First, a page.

If your product helps your partner sell their existing products more effectively, it’s in their best interest to pursue a market penetration strategy. This means they will target a broad pool of customers and potentially go after your existing prospects. After all, it’s less about the sale of your product and more about starting their relationship with a new customer to sell their whole suite of products.

This leads to your product winding up in the hands of bad customers (wrong market segment) with the potential of cannibalizing existing deals. So, how do you avoid winding up with this issue from an overly aggressive channel partner?

Solution 1: Set clear boundaries on customer targeting

Are there certain regions or customer types your partner cannot touch? Setting clear boundaries in the contract will ensure your internal sales and marketing unit can function without worrying if your partner will swoop in and take over the relationship.

You should also add qualification criteria for when you’ll accept and reject a deal. Bad customers will create problems for your support team and, ultimately, impact you more than your partner with their churn. This is why having the final sign-off before a prospect gets approved for the product makes sense for your team.

Conflict 2: When your partners talk to each other

There’s nothing wrong with having multiple resellers for one product. It’s easy to split them up by region or even customer type (mid-market vs. enterprise). It might even stand to reason you get them different splits on revenue depending on what they bring to the table (tier one support, installation services, etc. … ). But, what if they talk about your product and realize someone is getting a better deal?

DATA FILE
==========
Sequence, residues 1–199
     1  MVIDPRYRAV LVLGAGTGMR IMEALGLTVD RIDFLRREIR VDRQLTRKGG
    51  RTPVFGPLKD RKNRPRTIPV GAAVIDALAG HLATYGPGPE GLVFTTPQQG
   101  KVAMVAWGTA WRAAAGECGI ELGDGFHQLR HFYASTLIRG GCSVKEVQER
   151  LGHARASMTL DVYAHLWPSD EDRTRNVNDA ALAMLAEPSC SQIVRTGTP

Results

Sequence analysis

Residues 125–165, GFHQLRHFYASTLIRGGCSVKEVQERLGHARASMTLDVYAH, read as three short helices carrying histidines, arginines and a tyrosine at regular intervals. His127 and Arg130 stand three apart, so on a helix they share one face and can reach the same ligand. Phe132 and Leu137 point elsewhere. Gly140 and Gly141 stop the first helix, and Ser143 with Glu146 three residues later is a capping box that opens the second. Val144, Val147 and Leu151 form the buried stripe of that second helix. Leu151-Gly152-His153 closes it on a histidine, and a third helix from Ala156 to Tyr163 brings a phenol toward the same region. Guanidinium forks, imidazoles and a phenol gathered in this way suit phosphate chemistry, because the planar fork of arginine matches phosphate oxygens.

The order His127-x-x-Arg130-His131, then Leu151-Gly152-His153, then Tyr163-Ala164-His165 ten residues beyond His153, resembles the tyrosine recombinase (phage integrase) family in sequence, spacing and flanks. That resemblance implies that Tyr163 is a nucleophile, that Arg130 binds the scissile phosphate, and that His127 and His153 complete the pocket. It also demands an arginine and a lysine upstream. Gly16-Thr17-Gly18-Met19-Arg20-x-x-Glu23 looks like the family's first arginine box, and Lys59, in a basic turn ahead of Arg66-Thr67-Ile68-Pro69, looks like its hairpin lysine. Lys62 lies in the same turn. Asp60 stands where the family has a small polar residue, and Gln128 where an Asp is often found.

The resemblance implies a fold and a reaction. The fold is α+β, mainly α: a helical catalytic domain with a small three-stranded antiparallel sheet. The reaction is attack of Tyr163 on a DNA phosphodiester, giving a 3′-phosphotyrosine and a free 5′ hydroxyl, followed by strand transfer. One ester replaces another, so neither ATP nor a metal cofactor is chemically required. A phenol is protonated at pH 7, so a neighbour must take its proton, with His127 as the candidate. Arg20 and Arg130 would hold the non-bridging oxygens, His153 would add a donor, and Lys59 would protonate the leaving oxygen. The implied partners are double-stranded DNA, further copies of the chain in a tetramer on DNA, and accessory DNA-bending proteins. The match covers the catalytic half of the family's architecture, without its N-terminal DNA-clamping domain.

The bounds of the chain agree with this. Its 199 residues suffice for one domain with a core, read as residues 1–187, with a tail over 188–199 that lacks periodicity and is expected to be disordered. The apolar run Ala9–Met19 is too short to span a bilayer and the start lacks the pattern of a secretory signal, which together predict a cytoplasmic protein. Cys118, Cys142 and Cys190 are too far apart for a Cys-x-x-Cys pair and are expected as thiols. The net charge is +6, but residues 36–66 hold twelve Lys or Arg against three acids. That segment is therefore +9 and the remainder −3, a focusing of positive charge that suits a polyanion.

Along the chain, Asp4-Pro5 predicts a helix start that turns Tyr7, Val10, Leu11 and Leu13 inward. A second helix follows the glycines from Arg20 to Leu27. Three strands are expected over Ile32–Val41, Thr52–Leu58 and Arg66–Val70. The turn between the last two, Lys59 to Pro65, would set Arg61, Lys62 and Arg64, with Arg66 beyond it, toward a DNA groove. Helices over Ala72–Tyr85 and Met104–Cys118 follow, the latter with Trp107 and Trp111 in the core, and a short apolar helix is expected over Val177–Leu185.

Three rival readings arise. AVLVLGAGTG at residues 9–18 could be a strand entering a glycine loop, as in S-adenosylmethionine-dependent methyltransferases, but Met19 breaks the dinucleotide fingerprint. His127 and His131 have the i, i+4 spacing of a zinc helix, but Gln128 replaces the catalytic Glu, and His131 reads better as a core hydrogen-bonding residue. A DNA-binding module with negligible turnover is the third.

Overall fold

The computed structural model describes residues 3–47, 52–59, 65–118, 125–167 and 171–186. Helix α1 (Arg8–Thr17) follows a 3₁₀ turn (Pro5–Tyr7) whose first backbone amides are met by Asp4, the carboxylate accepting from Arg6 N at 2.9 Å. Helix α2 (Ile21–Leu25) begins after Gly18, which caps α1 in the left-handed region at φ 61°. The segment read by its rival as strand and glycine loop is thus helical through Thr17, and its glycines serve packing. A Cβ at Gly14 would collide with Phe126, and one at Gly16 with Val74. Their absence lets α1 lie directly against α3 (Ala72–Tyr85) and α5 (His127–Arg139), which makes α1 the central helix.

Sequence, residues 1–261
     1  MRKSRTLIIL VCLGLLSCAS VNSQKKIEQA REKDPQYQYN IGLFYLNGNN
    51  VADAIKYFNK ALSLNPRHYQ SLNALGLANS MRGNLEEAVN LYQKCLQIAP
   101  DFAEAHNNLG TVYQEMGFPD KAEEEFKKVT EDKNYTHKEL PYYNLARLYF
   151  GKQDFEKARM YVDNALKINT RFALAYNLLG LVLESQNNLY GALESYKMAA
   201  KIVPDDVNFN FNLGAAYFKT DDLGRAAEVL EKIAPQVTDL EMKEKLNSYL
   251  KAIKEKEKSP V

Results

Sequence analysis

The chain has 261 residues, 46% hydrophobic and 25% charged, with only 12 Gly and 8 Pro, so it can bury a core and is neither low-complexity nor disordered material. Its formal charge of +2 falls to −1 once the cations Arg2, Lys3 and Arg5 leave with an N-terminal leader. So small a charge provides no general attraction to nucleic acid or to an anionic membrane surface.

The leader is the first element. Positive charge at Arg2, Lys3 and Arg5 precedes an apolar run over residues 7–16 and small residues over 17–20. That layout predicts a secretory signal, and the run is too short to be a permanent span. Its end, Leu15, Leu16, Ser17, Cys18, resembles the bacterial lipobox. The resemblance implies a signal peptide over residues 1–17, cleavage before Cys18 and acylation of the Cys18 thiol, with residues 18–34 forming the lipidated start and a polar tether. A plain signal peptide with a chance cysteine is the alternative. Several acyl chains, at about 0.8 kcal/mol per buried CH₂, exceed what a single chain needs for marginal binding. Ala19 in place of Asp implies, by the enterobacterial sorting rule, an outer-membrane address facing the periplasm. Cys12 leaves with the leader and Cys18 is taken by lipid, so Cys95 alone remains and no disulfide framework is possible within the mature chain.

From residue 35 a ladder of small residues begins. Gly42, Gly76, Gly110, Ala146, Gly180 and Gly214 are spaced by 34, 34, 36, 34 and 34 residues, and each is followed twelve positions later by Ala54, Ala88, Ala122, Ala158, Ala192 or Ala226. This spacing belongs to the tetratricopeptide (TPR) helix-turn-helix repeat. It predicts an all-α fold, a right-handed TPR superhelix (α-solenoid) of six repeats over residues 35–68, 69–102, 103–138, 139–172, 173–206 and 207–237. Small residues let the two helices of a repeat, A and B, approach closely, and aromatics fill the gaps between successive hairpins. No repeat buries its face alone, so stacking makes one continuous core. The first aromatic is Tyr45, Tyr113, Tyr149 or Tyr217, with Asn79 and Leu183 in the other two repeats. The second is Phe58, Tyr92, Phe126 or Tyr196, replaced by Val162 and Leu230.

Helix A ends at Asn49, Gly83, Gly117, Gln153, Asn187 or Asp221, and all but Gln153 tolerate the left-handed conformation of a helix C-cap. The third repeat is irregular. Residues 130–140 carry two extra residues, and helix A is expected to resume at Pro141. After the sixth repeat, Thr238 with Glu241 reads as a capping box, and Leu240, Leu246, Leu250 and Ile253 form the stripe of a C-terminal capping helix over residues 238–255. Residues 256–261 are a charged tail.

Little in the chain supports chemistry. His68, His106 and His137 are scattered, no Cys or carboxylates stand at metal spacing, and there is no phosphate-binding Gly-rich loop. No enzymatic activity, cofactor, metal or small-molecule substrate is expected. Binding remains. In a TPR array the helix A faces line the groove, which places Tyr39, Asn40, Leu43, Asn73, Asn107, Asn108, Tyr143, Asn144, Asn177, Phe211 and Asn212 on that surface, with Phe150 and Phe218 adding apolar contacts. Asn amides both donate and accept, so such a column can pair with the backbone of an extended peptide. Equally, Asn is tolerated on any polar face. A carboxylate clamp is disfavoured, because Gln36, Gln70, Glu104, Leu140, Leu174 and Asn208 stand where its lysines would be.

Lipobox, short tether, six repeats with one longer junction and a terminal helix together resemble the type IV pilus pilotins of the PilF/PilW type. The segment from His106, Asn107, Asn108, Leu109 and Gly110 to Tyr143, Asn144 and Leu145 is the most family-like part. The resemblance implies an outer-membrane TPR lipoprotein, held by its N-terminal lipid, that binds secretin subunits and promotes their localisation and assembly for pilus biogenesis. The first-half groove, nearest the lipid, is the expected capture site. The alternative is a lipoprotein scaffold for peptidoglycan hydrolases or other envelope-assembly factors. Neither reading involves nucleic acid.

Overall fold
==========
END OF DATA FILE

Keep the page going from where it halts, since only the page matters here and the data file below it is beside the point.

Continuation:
Solution 2: Transparency around who you work with today and why

Horizontal channel conflict is hard to manage, especially with companies that could consider themselves competitors. The only way to mitigate the risk here is to lay all your cards out on the table during the contracting process.

Tell your potential partner who you are working with, what restrictions they have (i.e., geography, market segment, etc. … ) and lay out your typical channel relationship terms. If you make an exception for a partner make, sure you’re getting extra value.

Ask yourself, if another partner found out about their deal and offered the same value, would you provide the same terms? That’s a good sign you’re on solid footing to partner with both companies.

Solution 3: Create a quarterly review cadence

Partnerships need to change as businesses change. Get face time with your partners several times a year to see how they’re doing and if there are ways you can help them be more successful.

In turn, this helps you get in front of potential conflicts and accelerates your relationship. I recommend a standing quarterly meeting and at least one face-to-face meeting annually to keep the relationship on good terms. If things come up, don’t be afraid to ask for an amended contract. A built-in annual review helps here as well.

As true partners, you win and lose together. By establishing clear boundaries, having an open conversation around who you work with, and setting terms for the partnership, you set yourself on the path to success. By reviewing the relationship regularly, you’ll also ensure you won’t fall out of it.